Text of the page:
So, the first month of parenthood seems to give one a lot of time to read–at least, I found it to be the case that I was able to read more this month while feeding or holding our son. That probably won’t continue to be the case. Anyhow, in April, I read:
- A Cold and Broken Hallelujah by Tyler Dilts
- The Last Policeman by Ben H. Winters
- Countdown City by Ben H. Winters
- The Hot Rock by Donald E. Westlake
- Bank Shot by Donald E. Westlake
- No Beast So Fierce by Edward Bunker
- World of Trouble by Ben H. Winters
That was more books than I expected, but some of them were brief. They’re all crime fiction as well, so I’ll be focusing on another genre in May.
First, Tyler Dilts’ book was terrible. You can read a brief summary of my frustrations with his books on last month’s post.
As I also mentioned last month, Dilts’ flaws were all the more obvious in light of Ben Winters’ wonderful trilogy.
The Last Policeman, Countdown City, and World of Trouble follow Henry Palace–a young, rookie detective–through a series of increasingly desperate investigations set against the backdrop of a certain, impending apocalypse. A 10km-wide asteroid is scheduled to hit the earth within a year, and throughout the series, Winters manages to balance the genre’s strict requirements of plot with a thoughtful, humanizing treatment of the tragedy as it plays out in individual lives and communities. Many times, Henry Palace takes up the question: “In the face of death, why do anything? Why not eat, drink, and be merry?” And his answer is usually unsatisfying: “It’s who I am. This is what I do. I detect. I look for answers.” Ultimately, he’s distracting himself from the coming doom (though with work rather than pleasure), and he knows it. But then, that’s probably a pretty fair assessment of how most folks live.
Between the second and third book by Winters, I read a pair of “Dortmunder novels” by Donald E. Westlake. The Hot Rock and Bank Shot were amusing caper novels from the early 1970s, and they followed John Dortmunder as he and his fellow felons attempt to pull off various crimes. They’re hardly successful criminals, and though I expected the humor would arise from their failures, I found Westlake to be a master at striking a hilarious tone through dialogue and human interactions. Aristotle once said that true comedy presents men as much worse than they really are, and Westlake understood that well.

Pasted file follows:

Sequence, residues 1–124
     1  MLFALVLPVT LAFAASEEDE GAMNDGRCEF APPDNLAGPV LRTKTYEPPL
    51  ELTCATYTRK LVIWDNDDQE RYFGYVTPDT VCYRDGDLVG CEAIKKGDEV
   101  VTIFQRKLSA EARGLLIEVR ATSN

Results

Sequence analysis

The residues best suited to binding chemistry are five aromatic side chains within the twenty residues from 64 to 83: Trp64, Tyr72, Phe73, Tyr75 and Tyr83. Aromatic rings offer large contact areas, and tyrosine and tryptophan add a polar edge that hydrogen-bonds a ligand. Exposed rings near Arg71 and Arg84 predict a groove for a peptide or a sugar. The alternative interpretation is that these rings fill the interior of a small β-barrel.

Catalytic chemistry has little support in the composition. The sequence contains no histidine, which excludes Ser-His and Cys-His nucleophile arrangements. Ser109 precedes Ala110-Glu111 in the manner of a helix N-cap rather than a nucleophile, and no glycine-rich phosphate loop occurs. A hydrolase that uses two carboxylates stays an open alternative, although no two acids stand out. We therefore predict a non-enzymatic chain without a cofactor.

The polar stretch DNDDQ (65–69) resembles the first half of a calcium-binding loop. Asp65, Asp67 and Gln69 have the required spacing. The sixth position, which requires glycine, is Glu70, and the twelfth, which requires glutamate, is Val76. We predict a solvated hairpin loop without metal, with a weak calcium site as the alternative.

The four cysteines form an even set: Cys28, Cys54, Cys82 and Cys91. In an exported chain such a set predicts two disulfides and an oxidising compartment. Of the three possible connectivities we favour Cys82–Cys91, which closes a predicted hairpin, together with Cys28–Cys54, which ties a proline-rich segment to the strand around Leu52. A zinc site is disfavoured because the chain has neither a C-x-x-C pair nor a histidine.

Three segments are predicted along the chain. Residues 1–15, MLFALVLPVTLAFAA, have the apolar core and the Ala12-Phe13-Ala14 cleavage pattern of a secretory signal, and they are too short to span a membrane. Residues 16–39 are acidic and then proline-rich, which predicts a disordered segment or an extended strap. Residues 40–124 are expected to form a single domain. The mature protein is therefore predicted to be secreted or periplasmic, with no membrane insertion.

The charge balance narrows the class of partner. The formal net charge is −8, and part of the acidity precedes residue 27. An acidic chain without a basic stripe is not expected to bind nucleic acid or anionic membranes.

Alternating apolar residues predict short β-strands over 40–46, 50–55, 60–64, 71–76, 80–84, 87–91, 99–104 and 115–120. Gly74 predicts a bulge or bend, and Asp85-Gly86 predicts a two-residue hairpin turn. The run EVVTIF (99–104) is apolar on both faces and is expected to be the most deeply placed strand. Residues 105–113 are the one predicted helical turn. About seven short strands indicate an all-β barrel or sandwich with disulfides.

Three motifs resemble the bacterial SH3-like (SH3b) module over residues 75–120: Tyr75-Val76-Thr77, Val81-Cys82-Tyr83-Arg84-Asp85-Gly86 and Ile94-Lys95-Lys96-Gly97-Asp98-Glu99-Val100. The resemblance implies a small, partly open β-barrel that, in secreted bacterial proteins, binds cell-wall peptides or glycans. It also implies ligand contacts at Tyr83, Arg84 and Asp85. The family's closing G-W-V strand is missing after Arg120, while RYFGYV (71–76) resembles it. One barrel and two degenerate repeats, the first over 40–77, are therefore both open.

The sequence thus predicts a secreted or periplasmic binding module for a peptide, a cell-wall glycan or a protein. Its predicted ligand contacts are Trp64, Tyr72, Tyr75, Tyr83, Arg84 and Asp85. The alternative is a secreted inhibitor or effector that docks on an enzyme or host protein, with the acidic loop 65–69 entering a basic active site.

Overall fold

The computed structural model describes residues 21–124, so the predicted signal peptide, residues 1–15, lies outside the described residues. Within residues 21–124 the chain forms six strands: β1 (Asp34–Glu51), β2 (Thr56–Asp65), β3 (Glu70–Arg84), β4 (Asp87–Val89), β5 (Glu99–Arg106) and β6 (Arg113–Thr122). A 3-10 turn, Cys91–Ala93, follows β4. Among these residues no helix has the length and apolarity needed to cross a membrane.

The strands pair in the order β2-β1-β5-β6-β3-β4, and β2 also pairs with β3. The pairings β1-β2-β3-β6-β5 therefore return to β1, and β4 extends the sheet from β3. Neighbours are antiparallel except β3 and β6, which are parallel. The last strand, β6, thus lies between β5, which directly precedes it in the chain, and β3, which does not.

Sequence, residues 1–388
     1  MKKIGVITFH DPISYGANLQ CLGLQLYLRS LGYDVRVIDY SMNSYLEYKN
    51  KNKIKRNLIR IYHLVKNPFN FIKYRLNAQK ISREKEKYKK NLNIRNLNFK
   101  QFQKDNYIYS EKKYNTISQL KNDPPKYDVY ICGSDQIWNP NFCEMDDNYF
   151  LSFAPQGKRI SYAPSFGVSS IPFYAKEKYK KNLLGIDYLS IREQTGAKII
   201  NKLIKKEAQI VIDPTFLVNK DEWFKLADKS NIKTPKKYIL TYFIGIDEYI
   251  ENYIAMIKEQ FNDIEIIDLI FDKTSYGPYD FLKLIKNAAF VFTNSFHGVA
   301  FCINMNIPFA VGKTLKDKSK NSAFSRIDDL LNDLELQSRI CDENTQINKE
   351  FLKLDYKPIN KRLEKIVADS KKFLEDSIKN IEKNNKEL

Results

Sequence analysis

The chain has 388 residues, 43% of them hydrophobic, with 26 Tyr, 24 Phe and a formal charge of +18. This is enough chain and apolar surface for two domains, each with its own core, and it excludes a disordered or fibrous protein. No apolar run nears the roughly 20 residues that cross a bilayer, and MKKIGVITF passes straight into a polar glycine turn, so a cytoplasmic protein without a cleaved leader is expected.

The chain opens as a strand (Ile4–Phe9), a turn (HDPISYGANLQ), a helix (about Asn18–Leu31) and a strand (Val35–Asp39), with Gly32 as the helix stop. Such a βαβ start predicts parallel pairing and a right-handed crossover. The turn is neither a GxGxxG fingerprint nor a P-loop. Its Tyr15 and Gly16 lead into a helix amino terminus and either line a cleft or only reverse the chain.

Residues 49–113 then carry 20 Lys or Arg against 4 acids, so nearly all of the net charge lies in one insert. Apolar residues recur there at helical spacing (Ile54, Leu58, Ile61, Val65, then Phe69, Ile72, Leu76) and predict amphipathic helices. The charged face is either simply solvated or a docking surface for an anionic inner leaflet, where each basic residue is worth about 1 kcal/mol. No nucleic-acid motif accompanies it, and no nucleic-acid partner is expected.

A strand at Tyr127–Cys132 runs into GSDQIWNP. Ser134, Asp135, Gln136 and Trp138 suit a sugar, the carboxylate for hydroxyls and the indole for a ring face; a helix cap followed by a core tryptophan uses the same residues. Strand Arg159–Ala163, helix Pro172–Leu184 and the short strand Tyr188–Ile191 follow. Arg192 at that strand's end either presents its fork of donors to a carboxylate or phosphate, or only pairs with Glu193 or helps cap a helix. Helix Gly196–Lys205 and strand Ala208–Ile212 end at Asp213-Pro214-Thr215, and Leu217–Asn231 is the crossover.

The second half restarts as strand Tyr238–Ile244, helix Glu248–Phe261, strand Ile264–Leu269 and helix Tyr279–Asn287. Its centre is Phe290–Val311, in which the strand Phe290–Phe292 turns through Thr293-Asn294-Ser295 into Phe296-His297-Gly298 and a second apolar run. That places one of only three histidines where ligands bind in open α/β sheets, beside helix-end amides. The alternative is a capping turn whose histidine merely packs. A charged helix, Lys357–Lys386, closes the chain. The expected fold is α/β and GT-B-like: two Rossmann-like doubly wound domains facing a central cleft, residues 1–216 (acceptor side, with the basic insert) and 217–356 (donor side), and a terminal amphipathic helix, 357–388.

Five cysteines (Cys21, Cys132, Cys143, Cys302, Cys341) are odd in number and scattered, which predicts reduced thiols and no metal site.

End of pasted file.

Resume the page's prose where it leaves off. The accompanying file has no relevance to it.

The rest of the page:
Here’s an example that had me laughing out loud. This takes place just after Dortmunder breaks into an insane asylum with a train in order to kidnap a lawyer. (You really have to read it, I suppose.):
In his office on the opposite side of the building, Chief Administrator Doctor Panchard L. Whiskum sat at his desk rereading the piece he’d just written for the American Journal of Applied Pan-Psychotherapy, entitled “Instances of Induced Hallucination among Staff Members of Mental Hospitals,” when a white-jacketed male nurse ran in shouting, “Doctor! There’s a locomotive in the garden!”
Doctor Whiskum looked at the male nurse. He looked at his manuscript. He looked at the male nurse. He looked at his manuscript. He looked at the male nurse. He said, “Sit down, Foster. Let’s talk about it.”
Apparently they made a movie from this one, starring Robert Redford and George Segal. I’ll be looking for that soon.
And No Beast So Fierce is the tragic tale of a man who seeks to reform after prison, who nearly accomplishes it, and who has his hope crushed by a merciless parole officer. After this, he commits himself to a life of unrepentant crime, and spirals into further and further destruction. The author, Edward Bunker, wrote it as a semi-autobiographical account of his own life in crime. I don’t recommend it, but I found it to be fairly thought-provoking.
Two things stuck out: first, Bunker has a really strong grasp of language. He mixes literate, sometimes flowery prose with offensive, staccato dialogue to good effect.
Second, the fatal turning point for his protagonist was–after serving several years in prison for crimes he did commit–being sent to jail for a crime he did not commit. He felt, whether rightly or wrongly, that he would continue to be treated as a criminal regardless of whether or not he reformed, and so he jumped back into crime without apology. This was gut-wrenching to read. The protagonist (and the many who come to similar conclusions and make similar decisions) made the wrong decision. At the same time, those who the state had assigned to help him in the process of reform approached that job with such a lack of grace that–apart from the movement of the Holy Spirit–it would have been surprising for him to have come to any other conclusion.
The takeaway is pretty simple: as Christians saved by grace, as those for whom Christ died while we were still his mortal enemies, we need to diligently show grace to those who have destroyed their lives. If we treat them with a complete lack of grace, we should not be surprised that they continue to live without hope.
So, anyhow, that’s April. I am turning to short fiction in May, and starting with Tolstoy. It’s hard to go wrong with Tolstoy.